Protect Your Rental Property with Insurance
Do you own a property with tenants? Or rent your lake cottage in Minnesota? If so, you should get landlord insurance.
What Is Landlord Insurance?
Landlord insurance is a policy for a person (landlord) who rents out a home they own.
It usually includes two types of coverage: (1) property and (2) liability protection. Both are designed to help protect you from financial losses.
Landlord Property Protection
The property protection usually helps cover physical property associated with the Minnesota home you’re renting out. In general, it may include the following:
Dwelling — helps pay to repair your rented condo, home, or apartment if it gets damaged by fire, lightning, hail, or wind.
Other Structures — helps you when you need to repair detached structures on your property, like a fence or detached garage, if a covered loss damages them.
Personal Property Used to Fine-Tune the Rental — If you keep a lawnmower or snowblower onsite to maintain your property, a landlord policy may help cover the equipment if it gets damaged.
The types of coverage listed above are all liable to the deductibles and limits described in your policy.
- Your deductible is the amount you will pay for a covered loss before your insurance contributes.
- A limit is the highest amount your insurance will pay after a covered loss.
- Each coverage usually has its separate deductible and limit. You might be able to set your own.
Landlord Liability Protection
The liability portion of a landlord policy can help you pay for someone else’s medical bills or your legal costs if you’re found responsible for another person getting injured on your rental property in Minnesota.
For instance, if your tenant trips and falls down the stairs at your residential property and a court concludes that you didn’t maintain the stairs or railing, you may be held responsible for your tenant’s medical and legal expenses. You could be held responsible for other costs as well.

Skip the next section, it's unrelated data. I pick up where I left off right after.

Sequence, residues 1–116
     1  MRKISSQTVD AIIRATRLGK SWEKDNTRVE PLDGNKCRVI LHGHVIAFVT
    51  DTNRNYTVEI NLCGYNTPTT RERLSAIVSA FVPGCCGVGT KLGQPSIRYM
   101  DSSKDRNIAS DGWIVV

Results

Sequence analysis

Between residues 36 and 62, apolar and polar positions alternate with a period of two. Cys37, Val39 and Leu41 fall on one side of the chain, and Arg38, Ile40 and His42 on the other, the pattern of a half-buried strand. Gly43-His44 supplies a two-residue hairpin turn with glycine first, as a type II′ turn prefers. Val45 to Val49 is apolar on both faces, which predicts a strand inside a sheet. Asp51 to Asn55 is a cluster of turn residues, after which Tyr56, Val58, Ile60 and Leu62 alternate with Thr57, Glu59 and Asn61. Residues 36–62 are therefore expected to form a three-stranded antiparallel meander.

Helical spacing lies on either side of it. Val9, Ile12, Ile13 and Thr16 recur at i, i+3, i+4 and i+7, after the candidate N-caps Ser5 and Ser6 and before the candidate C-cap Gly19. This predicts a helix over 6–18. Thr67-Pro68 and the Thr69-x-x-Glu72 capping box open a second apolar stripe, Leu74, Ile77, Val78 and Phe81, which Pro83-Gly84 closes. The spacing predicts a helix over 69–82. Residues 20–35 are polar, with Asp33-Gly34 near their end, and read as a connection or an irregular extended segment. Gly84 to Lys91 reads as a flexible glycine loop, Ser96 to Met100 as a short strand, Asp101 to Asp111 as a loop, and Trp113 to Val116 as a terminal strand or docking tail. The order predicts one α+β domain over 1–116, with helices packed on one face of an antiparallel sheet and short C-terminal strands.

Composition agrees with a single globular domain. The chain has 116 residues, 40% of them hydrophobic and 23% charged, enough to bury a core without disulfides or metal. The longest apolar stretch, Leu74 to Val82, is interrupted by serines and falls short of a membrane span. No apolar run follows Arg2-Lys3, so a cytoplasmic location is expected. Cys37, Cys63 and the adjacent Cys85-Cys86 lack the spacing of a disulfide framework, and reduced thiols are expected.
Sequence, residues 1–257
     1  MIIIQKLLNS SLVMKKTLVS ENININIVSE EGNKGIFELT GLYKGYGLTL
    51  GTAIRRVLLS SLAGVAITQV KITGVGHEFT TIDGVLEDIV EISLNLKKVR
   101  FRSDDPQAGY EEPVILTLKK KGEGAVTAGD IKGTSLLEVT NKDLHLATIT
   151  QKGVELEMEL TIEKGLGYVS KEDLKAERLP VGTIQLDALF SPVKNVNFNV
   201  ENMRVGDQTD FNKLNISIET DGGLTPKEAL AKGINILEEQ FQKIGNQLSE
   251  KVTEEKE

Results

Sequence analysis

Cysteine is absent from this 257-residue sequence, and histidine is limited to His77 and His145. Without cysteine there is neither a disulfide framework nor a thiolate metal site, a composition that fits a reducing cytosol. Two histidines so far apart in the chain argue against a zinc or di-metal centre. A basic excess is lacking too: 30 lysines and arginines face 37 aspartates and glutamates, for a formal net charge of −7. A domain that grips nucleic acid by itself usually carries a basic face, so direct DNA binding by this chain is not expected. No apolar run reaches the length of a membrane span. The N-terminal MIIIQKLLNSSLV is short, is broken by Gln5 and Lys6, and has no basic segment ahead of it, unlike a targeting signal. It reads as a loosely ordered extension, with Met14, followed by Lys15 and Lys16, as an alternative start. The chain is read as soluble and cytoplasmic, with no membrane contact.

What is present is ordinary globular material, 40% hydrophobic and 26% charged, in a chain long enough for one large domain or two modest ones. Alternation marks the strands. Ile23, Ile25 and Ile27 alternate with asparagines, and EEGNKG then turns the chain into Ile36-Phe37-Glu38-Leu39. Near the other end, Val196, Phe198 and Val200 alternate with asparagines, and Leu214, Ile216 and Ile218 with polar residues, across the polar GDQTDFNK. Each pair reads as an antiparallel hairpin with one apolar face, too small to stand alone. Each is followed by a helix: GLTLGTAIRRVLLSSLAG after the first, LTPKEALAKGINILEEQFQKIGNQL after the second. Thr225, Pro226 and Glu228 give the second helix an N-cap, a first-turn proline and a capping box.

In this case, your liability coverage can help pay for those costs — up to the limits of your policy.
Note: Usually you won’t pay a deductible for a liability claim.
Why You Need Landlord Insurance
Homeowners insurance won’t cover a house that isn’t inhabited by its owner. This is where landlord insurance comes in. Also, it would be a mistake to assume that your Minnesota home insurance will cover all the expenses if an accident or a natural disaster occurs.
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Extra Landlord Coverages to Think About
You may consider adding some optional coverages (riders) to your landlord policy, depending on the area or condition of your rental. Extra coverages may include:
- Building codes
- Rental property under construction
- Flood insurance
- Emergency coverage
- Guaranteed income insurance
- Additional construction expenses
As your local agency, we can tell you the optional coverages that may be available and help you further understand how they can protect you.
The Bottom Line
Before you decide to rent out property, look at your homeowners insurance policy. It would be unwise to assume it’ll cover damages and liabilities when you’re not living there. If you’re looking to protect your Minnesota home and rent it out, too, get landlord insurance.
Also, since landlord insurance doesn’t cover a renter’s belongings, it’s a good idea to suggest renter’s insurance for your renter.
Get Your Free Landlord Insurance Quote
If you’re ready to rent out a property to tenants, we can explain your options so you can pick the coverages that are best for you. It starts with a FREE quote.